The medieval collection is located in the main building of the Metro in the gallery on the first floor; it includes six thousand individual objects. Many specimens of European culture are represented here, but still, most masterpieces from Europe are in Cloisters. The main galleries exhibit evidence of the gradual development of art since the Byzantine period, with a large number of cult objects, and in the side galleries – small items made of precious metals and ivory. The main gallery exhibits a richly decorated Christmas tree.
Cloisters were John D.’s first project. Rockefeller Jr., who was the main benefactor of the Metro. Founded in 1938, this gallery is a separate building, entirely dedicated to medieval art.
About 12 thousand exhibits from the end of the seventeenth to the beginning of the twentieth century are presented in the section of American decorative art. The section has 25 rooms, each of which is made in the spirit of a particular era or designer. There are a lot of products by Paul Rivera and Tiffany & Co.
The word “mentoring” comes from Latin curare, which means “to take care of someone or something”. That is why in Ancient Rome, curators were called people who served public baths, and in the Middle Ages – priests who saved lost souls. Only in the 20th century, this term began to apply to the organizers of museum exhibitions, but it took time for them to turn into one of the key figures of the art industry.
In the 1960s, the so-called ‘curatorial coup’ took place: works of art were no longer perceived as autonomous objects, and the context in which they were placed became very important. As the critic and writer, Bruce Altshuler said, “curators became creators on an equal footing with artists,” and this changed the attitude towards their cause and the exhibitions themselves forever. If you dream of trying yourself in this field, listen to the advice of professionals.
The development of contemporary art is influenced not only by innovative artists and their works. Often, new ideas and currents appear thanks to exhibitions and museum experiments, behind the organization of which are universal professionals: art curators.
Kelly Baum was appointed Curator of the Post-War and Contemporary Art Department at the Metropolitan Museum of Art in 2017. She has spent the last five years curating the Contemporary Art Department at Princeton University Art Museum. She will work on the development of the collection and the planning of exhibitions at both the main Met building and the branch opening next year at the former Whitney Museum. During her work at Princeton University Art Museum, Baum has added more than 100 exhibits to her permanent collection, held many exhibitions, and organized an international program of art residences. Prior to that, Baum held curatorial positions at the Museum of Fine Arts, Houston, Museum of Art at the University of Texas at Austin.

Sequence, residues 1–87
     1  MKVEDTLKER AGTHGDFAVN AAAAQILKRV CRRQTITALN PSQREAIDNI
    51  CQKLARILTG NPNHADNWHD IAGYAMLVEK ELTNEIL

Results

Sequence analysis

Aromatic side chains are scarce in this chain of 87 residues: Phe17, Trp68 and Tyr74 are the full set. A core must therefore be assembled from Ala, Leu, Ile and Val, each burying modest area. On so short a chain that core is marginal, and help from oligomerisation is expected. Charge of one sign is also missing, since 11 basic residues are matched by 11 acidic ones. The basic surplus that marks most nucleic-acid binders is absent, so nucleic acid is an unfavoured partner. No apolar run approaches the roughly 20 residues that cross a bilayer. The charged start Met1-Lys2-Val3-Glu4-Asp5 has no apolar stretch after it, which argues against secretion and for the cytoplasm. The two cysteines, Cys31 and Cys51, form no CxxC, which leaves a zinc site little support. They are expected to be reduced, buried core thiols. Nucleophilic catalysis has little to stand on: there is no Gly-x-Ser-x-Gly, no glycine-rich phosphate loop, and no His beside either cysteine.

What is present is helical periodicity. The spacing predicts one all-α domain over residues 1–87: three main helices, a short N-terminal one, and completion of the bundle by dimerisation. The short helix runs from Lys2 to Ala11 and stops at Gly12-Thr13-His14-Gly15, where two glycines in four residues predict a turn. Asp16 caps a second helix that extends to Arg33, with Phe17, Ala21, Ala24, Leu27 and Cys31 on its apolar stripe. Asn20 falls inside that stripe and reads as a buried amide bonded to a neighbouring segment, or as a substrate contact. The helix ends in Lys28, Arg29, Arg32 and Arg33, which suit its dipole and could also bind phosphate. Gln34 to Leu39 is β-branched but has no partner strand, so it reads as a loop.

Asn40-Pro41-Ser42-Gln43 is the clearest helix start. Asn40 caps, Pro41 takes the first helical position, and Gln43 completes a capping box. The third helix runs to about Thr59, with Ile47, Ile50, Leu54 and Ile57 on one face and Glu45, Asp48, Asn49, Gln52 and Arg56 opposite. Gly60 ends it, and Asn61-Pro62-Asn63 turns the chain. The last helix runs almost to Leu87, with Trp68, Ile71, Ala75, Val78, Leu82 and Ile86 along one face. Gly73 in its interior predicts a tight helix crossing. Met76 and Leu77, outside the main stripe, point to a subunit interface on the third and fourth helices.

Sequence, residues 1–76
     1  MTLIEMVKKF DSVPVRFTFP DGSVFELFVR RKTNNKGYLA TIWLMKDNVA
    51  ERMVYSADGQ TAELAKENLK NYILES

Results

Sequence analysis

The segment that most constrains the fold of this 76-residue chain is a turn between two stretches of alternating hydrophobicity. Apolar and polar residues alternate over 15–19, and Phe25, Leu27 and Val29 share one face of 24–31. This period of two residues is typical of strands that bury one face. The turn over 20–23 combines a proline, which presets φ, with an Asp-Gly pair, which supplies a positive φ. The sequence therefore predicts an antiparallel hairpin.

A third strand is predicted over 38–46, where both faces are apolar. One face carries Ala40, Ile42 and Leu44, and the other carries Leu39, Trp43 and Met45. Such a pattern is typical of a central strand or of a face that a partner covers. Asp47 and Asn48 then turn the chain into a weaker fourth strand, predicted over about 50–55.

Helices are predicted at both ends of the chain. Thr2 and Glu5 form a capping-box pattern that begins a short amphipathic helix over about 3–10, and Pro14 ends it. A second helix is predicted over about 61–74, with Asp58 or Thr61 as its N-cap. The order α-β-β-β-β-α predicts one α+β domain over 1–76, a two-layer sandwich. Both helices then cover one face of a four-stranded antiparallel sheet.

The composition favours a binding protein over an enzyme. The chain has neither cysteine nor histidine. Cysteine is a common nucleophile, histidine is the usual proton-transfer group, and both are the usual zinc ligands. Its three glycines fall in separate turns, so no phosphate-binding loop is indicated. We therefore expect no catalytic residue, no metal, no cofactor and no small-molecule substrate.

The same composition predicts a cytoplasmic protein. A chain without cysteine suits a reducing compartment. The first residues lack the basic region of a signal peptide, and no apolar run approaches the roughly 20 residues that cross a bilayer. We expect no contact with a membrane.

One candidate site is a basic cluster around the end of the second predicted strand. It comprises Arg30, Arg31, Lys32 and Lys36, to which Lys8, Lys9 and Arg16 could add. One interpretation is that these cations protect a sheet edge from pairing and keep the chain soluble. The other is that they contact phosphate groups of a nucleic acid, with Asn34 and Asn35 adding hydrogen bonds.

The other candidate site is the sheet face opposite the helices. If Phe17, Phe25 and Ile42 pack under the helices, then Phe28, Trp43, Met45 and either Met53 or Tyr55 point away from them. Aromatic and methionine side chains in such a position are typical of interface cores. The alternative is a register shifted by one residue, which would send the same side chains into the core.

The new department of contemporary and contemporary art in the Metropolitan Museum of Art in New York will be headed by Sheena Wagstaff in 2012. This appointment is due to the Metropolitan’s plans to move its collection of contemporary art to the Whitney Museum on Madison Avenue after the Whitney moves to Manhattan. Wagstaff has been the chief curator of the Tate Modern Gallery since 2001, and prior to that, she managed exhibition activities in the Tate Britain. Wagstaff has also worked at the Whitechapel Gallery, the Museum of Modern Art in Oxford and the Freak Art Center in Pittsburgh, where she was director of the collection, exhibitions and educational programs. According to The New York Times, this appointment demonstrates that the Met Museum is becoming a serious player in the field of contemporary art. Metropolitan Director Thomas Campbell said, “Tire has curatorial, scientific and administrative experience. And we need someone who can reach authoritative communities and is well known to colleagues here and abroad”.
The museum was based on three private collections – 174 works of European painting, including works by Hans, Van Dyck, Tiepolo, and Poussin.
The collection grew rapidly, after the death of John Kensett 38 paintings from his private collection were transferred to the museum. But only in the XX century, the museum became world-famous. In 1907, the museum acquired its first painting by Auguste Renoir. Today, the Metropolitan is rightly proud of its collection of Impressionists and Postimpressionists. In 1943, the museum received by Maitland F. Griggs’ will two panels of Liberale da Verona (including the famous “Chess players”) on the plot of a love story from an unidentified knightly novel. By 1979, the Metropolitan had in his collection five of the less than 40 paintings belonging to the Vermeer brush. The collection of Egyptian art is considered one of the most complete and representative in the world.
Today there are more than two million works of art in the permanent collection. There are quite a few collections of different types in the Metropolitan area. The collection of engravings is extremely large. Some famous engravings can be found here in several copies and in different variants (for example, “The Game of Chinese Chess” (1741-1763) – an etching by a British engraver John Ingram based on a drawing by a French artist Francois Boucher, who depicts the Chinese national game of Xiangqi (Whale 象棋, Pinyin xiàngqí)). Among the major collections of photographs, for example, works by Walker Evans, Diana Arbus, Alfred Stiglitz and others.
In April 2013, collector Leonard Lauder donated to the museum his collection of 78 cubist works, including 33 works by Picasso.
Each year the museum publishes an “Annual Report”, which lists new acquisitions. The museum also publishes The Metropolitan Museum of Art Bulletin.
In February 2017, the museum made publicly available 375,000 digitized images of art works from its collection. These paintings and photographs are free to use for both personal and commercial purposes (Creative Commons ‘CC0’ license level). In addition, they can be edited and used as part of new works.